Dr. Miranda : Giving in the zone of discomfort (I Kings 17:8)
Dr. Roberto Miranda
SUMMARY: The atmosphere of a congregation is important in maintaining its health and attracting new members. Each member plays a role in maintaining this atmosphere by practicing forgiveness, tolerating differences, and not engaging in negative behavior. In 1 Kings 17, Elijah meets a widow who is desperate and ready to let herself die. He tells her to make him a small cake first, and then promises that her flour and oil will not run out until the Lord makes it rain. The law of development that the author wants to share is that spirit dominates over matter. What happens in the spiritual world affects the material world, and we must understand this principle.
The spiritual and material worlds are connected, and what happens in one affects the other. Giving is an important spiritual law that allows for prosperity in all areas of life. Giving should be a natural ethic of life, not just something to manipulate God for personal gain. Giving in the discomfort zone, when it's inconvenient or risky, is where great miracles can happen. The goal is to absorb the nature of the Father and be a giver from the heart, so that grace can flow from us and bless others. Churches should also adopt a generous attitude and give. The author's ministerial ethics are summarized in Ecclesiastes 11, which encourages giving and generosity.
The key to prosperity in life and in the church is giving generously, even beyond our comfort zone. This is exemplified by Jesus on the cross, who gave everything for our salvation. Giving is a grace from God, and when we give with a glad heart, we open ourselves to a flow of blessings from God. It is not about tithing, but about giving according to our strength and beyond our strength. The Macedonians are praised for their generosity, even though they were poor. The more we give, the more we will receive.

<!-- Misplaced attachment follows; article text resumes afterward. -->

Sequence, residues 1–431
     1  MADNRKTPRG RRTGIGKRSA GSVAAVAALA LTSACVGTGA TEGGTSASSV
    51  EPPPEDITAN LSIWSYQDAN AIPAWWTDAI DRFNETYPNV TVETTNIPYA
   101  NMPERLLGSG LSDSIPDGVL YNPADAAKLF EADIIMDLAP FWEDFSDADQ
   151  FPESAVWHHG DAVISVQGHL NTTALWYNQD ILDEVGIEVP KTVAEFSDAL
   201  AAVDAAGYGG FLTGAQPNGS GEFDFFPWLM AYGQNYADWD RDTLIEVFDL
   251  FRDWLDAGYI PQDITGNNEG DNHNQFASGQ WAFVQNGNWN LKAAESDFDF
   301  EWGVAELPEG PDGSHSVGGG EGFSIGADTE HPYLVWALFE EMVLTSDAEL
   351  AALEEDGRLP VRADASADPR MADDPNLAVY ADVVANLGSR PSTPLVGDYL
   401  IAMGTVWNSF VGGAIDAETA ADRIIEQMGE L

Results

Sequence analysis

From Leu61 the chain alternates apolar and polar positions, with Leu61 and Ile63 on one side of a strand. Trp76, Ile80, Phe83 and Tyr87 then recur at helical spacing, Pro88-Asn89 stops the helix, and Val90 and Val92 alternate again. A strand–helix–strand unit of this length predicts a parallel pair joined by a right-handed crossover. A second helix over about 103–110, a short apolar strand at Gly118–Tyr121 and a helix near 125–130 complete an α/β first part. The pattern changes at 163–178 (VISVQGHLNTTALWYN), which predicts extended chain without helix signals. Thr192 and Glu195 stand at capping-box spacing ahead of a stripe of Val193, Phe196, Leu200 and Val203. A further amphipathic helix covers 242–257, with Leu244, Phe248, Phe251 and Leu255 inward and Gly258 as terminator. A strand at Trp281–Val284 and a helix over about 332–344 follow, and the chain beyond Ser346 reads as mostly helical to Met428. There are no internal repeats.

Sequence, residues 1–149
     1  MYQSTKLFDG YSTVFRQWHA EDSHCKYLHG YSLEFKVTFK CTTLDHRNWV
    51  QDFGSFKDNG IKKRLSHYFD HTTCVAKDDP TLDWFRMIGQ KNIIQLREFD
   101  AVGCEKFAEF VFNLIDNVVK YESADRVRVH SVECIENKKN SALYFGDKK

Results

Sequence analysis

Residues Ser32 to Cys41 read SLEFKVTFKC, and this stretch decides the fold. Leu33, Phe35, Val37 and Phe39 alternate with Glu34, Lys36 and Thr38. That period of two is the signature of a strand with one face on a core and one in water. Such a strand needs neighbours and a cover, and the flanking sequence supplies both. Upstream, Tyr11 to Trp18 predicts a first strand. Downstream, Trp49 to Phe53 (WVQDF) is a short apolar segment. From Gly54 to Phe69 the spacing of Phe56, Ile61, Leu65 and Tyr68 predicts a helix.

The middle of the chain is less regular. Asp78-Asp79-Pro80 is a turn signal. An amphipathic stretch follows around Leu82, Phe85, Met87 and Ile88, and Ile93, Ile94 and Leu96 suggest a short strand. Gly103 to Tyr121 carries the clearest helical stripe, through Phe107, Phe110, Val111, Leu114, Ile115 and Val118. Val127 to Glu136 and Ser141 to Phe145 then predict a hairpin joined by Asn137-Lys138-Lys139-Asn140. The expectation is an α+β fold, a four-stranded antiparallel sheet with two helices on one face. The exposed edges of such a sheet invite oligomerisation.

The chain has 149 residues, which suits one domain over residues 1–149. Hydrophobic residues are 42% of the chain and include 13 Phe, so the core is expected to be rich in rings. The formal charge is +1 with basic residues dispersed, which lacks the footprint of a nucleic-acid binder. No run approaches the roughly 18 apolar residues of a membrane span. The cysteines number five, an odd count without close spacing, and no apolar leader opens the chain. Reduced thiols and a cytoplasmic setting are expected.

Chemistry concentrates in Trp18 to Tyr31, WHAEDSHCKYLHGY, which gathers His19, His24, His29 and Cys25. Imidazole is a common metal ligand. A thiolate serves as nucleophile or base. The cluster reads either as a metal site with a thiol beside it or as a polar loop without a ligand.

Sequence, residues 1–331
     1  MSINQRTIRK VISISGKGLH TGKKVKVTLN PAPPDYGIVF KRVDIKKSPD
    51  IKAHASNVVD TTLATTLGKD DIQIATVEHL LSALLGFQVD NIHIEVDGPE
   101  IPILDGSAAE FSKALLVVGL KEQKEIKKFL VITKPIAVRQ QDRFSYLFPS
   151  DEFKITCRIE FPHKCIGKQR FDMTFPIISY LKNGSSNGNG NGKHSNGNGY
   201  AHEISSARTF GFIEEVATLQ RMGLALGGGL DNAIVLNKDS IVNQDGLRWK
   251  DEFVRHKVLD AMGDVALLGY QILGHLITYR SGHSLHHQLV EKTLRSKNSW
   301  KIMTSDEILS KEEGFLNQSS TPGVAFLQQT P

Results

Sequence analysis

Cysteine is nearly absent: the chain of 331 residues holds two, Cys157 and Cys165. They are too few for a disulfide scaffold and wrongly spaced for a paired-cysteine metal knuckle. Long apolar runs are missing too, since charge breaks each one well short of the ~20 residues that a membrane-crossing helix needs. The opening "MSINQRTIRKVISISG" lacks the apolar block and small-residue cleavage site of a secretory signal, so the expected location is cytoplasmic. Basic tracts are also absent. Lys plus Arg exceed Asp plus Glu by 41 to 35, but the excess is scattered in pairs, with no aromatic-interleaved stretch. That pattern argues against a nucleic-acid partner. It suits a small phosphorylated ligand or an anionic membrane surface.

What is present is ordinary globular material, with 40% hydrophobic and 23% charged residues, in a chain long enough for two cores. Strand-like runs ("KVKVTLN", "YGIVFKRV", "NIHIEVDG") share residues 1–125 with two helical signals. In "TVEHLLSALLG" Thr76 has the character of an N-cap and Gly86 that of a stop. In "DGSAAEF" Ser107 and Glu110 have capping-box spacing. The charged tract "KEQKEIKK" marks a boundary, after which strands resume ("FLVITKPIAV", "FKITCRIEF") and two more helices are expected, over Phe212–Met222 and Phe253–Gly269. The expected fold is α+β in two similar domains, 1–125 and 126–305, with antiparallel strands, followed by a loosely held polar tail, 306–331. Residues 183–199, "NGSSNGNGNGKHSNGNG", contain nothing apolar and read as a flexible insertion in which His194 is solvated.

In this sermon, the pastor encourages generosity in all aspects of life, emphasizing the importance of giving to God and others. He shares the story of Elijah and the widow of Zarephath, where the widow's generosity led to blessings and prosperity in her life. The pastor emphasizes that giving should come from a place of discomfort, as this is where the heart of God is unleashed, and encourages the congregation to adopt an ethic of generosity to bless their families, church, and community.
God bless you, my brothers, a pleasure to be with you again this morning. As always, the adoration that you bring before the Lord blesses me a lot and that charges my energy and encourages me to come and share the word with you. They are a congregation, as Pastor Antonio said, absolutely adorable, and I am in love with your children, and with your young people, with all of you, with the great affection that you have shown me to Dr. Diehl, too. Well, we are delighted. We cannot ask for more. Last night the sisters blessed us with delicious cake and well... we haven't stopped eating since we got here. So Glory to the Lord and thank you for all your love. I know that God is going to do great things.
One knows when a congregation is.... the Americans have a word called 'momentum', it comes from the Latin which means like impulse, movement, how it goes, that it has a breakthrough and carries momentum. Like when you start running from a hill and run and run, and it increases, accelerating the movement. You feel that, you feel it in the smile of the people, in the ability to laugh, in the vitality that is shown, in the diversity of ministries, in the new things that are being done, in the enthusiasm of the pastor, the relationship between the pastor and his congregation, the joy of the children, the ease one feels to worship the Lord, many things that are good indicators to the trained eye that there is life and health in a congregation. And you show that.